hold them back out of our jealously (Psalm 31:24; 33:22; 71:14; Jeremiah;
Romans 12:12; Hebrews 6:11-12; 18-20; 17:7). Authentic Love always is
enduring and points to the future!

Q: Why does real love have hope?

When God tells us that love always perseveres, He means that real love
has staying power; it will last, and not fade nor weaken. Thus, we can have
confidence in God, and others, to hang in there and keep going strong, especially
when things get tough. Because God loves us so much, He will stand with us,
and even carry us through our difficulties and upsets. Even when we feel we
have reached rock bottom and have no hope, when we are filled with despair,
God is carrying us because He loves us. Real love will never fade or become
obsolete. It will remain standing when all else has gone to ruin. This love will
destroy rumors, and gossip, and cause us to believe the best about one another
until proven otherwise—by facts. We will be able to maintain our relationships
with friends, and with our spouse, and not give up in times of dire stress and
confusion. Love carries us to the ultimate hope, and points us to the cross, and
the eternity to come. This love will show us that what we do and learn here on
earth will echo for eternity (Psalm 86:12; Matthew 5:16; John 13:34-38 Romans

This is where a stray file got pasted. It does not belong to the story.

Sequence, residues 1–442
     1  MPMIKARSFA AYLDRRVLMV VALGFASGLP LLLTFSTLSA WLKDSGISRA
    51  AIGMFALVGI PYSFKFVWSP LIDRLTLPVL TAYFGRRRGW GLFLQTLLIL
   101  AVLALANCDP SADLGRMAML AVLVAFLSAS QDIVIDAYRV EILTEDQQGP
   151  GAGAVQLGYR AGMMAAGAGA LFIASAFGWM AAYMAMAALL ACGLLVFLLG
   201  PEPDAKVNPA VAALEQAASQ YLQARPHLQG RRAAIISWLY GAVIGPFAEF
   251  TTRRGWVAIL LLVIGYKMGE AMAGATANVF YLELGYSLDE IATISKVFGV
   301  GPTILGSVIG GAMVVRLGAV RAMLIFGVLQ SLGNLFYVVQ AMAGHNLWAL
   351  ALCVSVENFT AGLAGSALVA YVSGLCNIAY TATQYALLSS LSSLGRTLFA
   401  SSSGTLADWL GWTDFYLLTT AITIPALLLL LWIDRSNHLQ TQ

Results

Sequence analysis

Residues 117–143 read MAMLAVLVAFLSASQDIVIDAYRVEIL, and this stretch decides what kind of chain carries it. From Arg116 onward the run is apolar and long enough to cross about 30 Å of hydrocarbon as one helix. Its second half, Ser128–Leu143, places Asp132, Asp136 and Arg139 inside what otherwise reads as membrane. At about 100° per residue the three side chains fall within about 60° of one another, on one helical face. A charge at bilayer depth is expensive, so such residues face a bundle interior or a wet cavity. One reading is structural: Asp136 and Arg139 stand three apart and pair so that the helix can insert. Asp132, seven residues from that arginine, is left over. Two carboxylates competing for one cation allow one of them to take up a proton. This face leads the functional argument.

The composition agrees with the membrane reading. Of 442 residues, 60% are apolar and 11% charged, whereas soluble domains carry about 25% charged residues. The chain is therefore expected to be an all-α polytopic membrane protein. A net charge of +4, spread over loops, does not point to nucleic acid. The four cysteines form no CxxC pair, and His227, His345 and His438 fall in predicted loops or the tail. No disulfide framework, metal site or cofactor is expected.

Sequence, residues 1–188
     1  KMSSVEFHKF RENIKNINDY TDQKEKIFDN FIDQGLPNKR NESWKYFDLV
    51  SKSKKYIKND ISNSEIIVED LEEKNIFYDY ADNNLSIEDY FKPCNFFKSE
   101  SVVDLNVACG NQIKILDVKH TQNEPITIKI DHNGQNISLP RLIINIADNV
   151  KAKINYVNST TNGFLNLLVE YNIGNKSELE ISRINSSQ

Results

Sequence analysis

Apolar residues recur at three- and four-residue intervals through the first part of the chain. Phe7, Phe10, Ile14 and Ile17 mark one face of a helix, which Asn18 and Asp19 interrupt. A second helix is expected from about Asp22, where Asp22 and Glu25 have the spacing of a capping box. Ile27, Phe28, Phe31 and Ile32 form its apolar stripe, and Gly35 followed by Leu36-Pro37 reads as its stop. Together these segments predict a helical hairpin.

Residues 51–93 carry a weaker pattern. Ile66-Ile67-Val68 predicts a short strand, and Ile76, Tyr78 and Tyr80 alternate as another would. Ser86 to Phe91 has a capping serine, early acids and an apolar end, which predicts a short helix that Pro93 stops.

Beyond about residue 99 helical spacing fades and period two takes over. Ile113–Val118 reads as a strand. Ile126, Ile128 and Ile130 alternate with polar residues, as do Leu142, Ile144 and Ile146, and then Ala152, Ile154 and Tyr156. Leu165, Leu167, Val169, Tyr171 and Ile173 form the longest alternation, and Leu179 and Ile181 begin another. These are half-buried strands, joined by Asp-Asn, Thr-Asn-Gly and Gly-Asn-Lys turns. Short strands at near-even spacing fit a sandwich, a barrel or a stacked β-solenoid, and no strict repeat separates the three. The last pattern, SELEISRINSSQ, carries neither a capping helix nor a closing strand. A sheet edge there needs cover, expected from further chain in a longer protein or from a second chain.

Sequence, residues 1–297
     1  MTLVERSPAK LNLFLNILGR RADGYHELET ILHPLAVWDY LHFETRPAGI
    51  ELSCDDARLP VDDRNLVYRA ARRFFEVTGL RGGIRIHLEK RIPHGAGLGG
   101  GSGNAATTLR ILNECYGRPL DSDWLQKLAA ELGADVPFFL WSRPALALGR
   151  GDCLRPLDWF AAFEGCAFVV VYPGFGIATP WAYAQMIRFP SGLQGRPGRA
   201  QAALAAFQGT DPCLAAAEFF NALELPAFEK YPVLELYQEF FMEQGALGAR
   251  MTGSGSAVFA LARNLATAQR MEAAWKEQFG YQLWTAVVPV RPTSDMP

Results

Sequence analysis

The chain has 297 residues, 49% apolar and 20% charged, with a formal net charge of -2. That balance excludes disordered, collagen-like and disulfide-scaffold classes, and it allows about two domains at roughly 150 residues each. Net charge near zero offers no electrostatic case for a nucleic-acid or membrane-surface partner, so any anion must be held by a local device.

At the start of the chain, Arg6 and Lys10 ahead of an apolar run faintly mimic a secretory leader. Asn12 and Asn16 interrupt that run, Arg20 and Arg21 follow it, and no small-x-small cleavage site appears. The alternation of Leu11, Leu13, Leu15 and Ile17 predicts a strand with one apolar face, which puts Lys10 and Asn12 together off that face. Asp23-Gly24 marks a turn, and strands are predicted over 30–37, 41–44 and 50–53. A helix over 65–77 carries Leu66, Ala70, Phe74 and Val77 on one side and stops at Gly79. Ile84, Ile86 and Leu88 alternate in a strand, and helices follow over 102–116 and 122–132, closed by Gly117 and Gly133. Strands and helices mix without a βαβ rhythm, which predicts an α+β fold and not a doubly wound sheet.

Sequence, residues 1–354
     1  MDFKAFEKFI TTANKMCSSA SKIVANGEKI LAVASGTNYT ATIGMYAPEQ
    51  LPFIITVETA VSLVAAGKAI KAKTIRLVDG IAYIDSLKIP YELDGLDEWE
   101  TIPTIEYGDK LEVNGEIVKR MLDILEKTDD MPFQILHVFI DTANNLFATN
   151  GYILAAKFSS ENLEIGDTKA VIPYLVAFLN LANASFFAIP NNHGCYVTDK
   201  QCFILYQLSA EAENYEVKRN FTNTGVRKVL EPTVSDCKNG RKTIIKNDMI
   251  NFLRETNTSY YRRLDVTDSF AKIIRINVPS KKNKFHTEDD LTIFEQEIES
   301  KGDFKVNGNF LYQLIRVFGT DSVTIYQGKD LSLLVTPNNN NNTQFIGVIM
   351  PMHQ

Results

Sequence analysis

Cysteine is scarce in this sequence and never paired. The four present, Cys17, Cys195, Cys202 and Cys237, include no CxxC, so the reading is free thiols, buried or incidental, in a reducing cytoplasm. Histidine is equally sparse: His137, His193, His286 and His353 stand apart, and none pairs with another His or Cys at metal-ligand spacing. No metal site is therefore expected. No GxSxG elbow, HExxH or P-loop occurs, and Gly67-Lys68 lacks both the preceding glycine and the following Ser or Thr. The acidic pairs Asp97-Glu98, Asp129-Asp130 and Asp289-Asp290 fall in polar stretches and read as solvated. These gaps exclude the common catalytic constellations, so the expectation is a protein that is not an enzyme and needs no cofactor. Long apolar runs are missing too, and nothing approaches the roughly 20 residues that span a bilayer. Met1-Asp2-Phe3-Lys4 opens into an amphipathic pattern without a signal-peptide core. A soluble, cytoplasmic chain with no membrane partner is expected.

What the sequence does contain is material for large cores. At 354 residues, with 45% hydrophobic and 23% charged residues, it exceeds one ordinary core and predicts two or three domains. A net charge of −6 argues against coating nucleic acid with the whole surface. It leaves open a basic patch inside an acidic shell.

5:5; 15:7; 1 John 4:7-12). Authentic Love refuses to quit!

Q: Why does real love never quit?

God's love must be our model for life

Session IX

God through His Word is pronouncing to us that the effects and results of
love will live far beyond the moments of our life. When we pass on into eternity,
and our frail, mortal bodies are laid into the grave to rot, what we have done on
this earth, and who we were will still echo to all those whom we have touched.
Such deeds of love will never rot. When real, authentic love is in our lives, it is
endowed with an eternal quality, because God is empowering that love (Romans
5:1-5; 1 John 4:7-12).

So, we need to take this seriously, and with confidence, to allow love to
flow into us from Christ, and, in return, flow out from us to those around us. God's
love is the ultimate power for the Christian. Character, and the love that infuses it
will be the only thing we produce that we will take with us into Heaven, the only
thing that matters. Love has power that transcends human logic and emotions.
So, while we remain here on this earth, let us perform our life with love! Allow
your relationships to be built on love, and not the pride and spite we so often reel
out, instead.

If you are thinking, wait, I might get hurt. Or, I have been rejected after I
spent so much of my time and energies on so-and-so. Well, take to heart this